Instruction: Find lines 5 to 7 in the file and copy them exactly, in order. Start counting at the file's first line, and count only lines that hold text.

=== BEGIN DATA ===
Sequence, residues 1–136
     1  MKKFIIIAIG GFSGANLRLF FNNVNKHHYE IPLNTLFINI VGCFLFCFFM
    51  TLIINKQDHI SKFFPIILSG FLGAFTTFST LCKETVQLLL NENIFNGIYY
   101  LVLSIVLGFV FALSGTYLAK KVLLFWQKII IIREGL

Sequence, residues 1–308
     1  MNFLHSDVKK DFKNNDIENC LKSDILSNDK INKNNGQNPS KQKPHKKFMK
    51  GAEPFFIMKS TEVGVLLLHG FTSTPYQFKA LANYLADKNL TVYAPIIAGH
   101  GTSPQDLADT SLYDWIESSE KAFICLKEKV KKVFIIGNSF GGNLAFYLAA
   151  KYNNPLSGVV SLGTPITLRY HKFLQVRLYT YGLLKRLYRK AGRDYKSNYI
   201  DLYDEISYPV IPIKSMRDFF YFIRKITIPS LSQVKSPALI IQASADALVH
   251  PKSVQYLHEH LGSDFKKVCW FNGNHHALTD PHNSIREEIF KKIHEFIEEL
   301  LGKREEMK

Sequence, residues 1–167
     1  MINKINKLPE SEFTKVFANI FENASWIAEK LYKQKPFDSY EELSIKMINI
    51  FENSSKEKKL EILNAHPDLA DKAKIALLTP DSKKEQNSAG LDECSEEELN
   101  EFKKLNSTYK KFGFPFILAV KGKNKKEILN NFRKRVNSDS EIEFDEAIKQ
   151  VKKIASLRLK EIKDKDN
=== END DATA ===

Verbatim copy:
Sequence, residues 1–308
     1  MNFLHSDVKK DFKNNDIENC LKSDILSNDK INKNNGQNPS KQKPHKKFMK
    51  GAEPFFIMKS TEVGVLLLHG FTSTPYQFKA LANYLADKNL TVYAPIIAGH